Cashing in on comic craze


COMICS have always been a prominent feature in Ahmad Zee Annuar’s life. From a young age, hanging around the local mamak bookstore to have a read or buy the comics would be a typical pastime after school. 

“I started amassing stock (comics) from the age of 10 onwards because I enjoyed reading comics very much,” says Ahmad who is better known as Zee. 

This went on until he started college and decided to take a break from his hobby. 

“During those years from 1983 to 1993, comics had to take a back seat as there were other interests to pursue. However, my collection was still intact,’’ says Zee. 

Loo: With a shop, drop-in customers bond easily.

After dabbling in the advertising line after college, Zee, 37, decided to set up his own web-based company ( in early January this year to cater to both his personal needs and those of other like-minded comic enthusiasts. 

“It was very frustrating to go to speciality shops and not find the items (comics and toys) that I wanted,” says Zee whose interest in toys started in 1995. 

His display collection in his office ranges from plastic wrapped collectors-item comics and toys of various characters, and pen and key-chain holder to mugs depicting figures from Star Wars, Spiderman, Hulk and others. 

“These are not for sale, but if there are serious buyers then I would consider selling,” says Zee, indicating some of the items from the showcase. 

By running the business online, he says, there is enough volume to purchase the “hot” or popular materials and it is also cost effective when purchased in bulk. 

“Plus it is also an outlet to provide more opportunity for collectors in Malaysia, especially those outside KL, to get their hands on hot collectible toys and comics.” 

“We really have limited choice and purchasing power and by opening this website, hopefully it will ease the burden on comics and toys enthusiasts,'' adds Zee whose initial investment into the business was RM30,000. 

With the web company being relatively new, Zee says that more features and easier payment modes need to be implemented before there is a success gauge.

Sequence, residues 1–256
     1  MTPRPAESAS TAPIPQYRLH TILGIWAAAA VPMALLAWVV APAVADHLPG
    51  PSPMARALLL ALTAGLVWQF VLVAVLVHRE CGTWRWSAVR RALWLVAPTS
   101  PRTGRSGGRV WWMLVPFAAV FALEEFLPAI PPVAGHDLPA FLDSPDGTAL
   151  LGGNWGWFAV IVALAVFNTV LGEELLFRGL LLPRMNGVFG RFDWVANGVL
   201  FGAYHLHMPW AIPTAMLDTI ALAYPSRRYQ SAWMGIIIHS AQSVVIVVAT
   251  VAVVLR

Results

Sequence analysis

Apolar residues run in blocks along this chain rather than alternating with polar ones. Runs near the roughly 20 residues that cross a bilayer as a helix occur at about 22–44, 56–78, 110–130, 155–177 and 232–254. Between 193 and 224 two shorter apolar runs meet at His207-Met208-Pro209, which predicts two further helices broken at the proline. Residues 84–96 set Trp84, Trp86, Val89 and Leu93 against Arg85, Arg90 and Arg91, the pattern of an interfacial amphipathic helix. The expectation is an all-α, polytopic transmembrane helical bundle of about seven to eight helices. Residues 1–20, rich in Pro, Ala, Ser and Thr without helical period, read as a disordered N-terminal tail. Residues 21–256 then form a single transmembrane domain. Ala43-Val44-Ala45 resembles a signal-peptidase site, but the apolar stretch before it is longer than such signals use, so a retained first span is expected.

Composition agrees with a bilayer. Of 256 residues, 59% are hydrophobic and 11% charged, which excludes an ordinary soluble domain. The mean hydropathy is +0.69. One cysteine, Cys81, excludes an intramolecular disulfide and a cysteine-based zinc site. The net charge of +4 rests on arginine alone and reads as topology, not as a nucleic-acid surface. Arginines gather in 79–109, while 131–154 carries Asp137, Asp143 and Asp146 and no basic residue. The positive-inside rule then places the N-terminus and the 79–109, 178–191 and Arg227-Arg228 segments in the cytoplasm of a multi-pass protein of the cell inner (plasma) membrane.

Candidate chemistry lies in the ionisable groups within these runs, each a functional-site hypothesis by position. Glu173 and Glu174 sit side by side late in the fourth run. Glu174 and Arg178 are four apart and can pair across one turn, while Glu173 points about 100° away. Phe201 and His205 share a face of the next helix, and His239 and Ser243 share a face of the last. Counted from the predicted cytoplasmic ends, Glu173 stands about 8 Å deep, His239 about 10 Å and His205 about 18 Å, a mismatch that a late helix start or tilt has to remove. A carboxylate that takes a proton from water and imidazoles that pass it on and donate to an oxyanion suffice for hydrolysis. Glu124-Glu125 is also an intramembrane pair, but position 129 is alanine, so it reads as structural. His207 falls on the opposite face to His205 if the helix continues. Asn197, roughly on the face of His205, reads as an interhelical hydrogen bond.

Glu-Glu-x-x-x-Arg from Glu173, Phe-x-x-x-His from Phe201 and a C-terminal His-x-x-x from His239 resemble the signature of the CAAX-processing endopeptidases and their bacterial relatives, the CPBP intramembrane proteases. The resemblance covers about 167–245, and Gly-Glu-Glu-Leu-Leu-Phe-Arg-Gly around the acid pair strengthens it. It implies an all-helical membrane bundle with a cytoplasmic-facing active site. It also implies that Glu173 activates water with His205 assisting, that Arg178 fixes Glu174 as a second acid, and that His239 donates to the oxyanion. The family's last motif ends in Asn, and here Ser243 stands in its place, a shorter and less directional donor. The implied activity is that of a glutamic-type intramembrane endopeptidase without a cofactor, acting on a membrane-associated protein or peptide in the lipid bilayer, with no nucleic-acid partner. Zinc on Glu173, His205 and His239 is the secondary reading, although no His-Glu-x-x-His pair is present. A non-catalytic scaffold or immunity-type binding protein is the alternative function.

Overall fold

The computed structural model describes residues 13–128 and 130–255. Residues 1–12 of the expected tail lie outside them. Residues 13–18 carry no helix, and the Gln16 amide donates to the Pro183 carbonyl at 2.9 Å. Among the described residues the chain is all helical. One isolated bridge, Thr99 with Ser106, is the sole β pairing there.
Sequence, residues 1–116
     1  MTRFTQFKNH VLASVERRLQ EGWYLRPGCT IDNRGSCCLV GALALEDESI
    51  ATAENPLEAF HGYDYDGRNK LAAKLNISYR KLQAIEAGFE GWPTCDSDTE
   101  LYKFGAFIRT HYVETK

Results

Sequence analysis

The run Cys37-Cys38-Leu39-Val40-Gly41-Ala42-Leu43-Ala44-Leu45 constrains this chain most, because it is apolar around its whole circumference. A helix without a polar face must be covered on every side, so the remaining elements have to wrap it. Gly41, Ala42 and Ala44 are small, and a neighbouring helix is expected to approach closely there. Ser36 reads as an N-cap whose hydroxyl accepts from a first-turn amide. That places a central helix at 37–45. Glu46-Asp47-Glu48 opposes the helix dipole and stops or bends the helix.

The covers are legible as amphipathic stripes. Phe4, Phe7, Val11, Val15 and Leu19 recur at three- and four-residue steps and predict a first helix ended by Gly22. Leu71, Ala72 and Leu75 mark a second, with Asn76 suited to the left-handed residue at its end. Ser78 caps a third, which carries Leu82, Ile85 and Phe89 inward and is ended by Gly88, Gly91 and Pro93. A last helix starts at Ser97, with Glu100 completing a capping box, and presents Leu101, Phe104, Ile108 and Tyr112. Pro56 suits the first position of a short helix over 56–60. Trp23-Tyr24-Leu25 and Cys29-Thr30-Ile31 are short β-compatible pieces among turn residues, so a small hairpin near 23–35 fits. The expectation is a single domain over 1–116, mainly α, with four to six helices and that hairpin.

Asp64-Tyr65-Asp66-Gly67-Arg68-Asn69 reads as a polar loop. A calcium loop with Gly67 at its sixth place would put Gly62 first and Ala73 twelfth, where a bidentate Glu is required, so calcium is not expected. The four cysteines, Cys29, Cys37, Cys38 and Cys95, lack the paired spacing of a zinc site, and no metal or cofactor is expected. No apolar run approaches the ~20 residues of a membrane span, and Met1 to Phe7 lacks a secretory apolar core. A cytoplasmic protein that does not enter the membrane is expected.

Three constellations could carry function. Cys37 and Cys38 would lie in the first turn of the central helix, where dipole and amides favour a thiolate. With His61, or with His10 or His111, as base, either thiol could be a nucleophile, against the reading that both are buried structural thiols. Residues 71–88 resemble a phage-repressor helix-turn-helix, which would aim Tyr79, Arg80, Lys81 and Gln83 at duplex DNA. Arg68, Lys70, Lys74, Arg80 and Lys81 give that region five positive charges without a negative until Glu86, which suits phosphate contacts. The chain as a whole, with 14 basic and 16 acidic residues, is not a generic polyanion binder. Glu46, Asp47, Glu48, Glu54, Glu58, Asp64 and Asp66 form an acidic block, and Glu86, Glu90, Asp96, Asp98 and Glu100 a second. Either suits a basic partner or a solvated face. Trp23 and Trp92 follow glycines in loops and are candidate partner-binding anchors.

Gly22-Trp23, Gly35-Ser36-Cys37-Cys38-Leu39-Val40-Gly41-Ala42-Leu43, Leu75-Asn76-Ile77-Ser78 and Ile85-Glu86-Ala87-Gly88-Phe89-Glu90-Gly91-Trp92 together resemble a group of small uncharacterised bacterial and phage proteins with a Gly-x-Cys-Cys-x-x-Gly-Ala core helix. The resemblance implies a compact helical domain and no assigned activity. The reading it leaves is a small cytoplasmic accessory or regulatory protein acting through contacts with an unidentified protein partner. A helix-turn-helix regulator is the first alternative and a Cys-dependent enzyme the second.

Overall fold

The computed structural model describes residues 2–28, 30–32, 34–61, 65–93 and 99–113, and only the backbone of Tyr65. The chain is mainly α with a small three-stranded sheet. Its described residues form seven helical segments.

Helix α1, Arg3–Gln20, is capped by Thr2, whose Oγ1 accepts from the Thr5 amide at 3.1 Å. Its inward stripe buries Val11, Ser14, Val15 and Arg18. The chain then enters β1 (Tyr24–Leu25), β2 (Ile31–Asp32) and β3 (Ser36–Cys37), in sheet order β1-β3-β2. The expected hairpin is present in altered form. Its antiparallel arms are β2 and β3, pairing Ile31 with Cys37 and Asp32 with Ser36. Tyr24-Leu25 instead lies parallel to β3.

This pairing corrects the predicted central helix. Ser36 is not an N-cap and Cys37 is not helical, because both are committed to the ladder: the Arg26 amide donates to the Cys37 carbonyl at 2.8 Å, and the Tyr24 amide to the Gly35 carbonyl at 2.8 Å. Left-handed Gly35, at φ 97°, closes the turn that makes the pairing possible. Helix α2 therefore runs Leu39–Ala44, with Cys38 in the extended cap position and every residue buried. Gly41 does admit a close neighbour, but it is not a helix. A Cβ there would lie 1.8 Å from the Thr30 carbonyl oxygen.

“Overall, it is still too early to tell but the RM1 promotions on comics that we have from time to time have been a tremendous success for us,'' he says. 

Being web-based, Zee says he has encountered a few obstacles while consolidating the business. “Good credit card facilities are needed, which can contribute to at least 70% of the business especially when dealing with overseas markets,” he says. Thus, he was very disappointed when his recent application for an e-commerce merchant account set-up at a local bank was rejected without any explanation. 

Attributing the rejection to lack of support for this type of e-commerce business, he says: “It was very disappointing especially since Pay-Pal is very popular internationally for e-commerce but it is not available in Malaysia.” 

At the domestic front, Zee says that there is still not enough public exposure to e-commerce as there is a lack of confidence in this sector of business. 

“The embracing of IT and Internet is still low here in Malaysia and it will be a long time before a niche market such as this would attract the masses,” he says. 

Despite the problems, there are benefits as well, he admits. One is that he doesn’t feel the heat of competition compared to others who are involved in storefront businesses. 

“This is because my business is run online, unlike many others where customers can go in and touch and feel the items which they want to purchase. This makes the competition tougher as people can go to many stores before they decide which one item suits their taste.”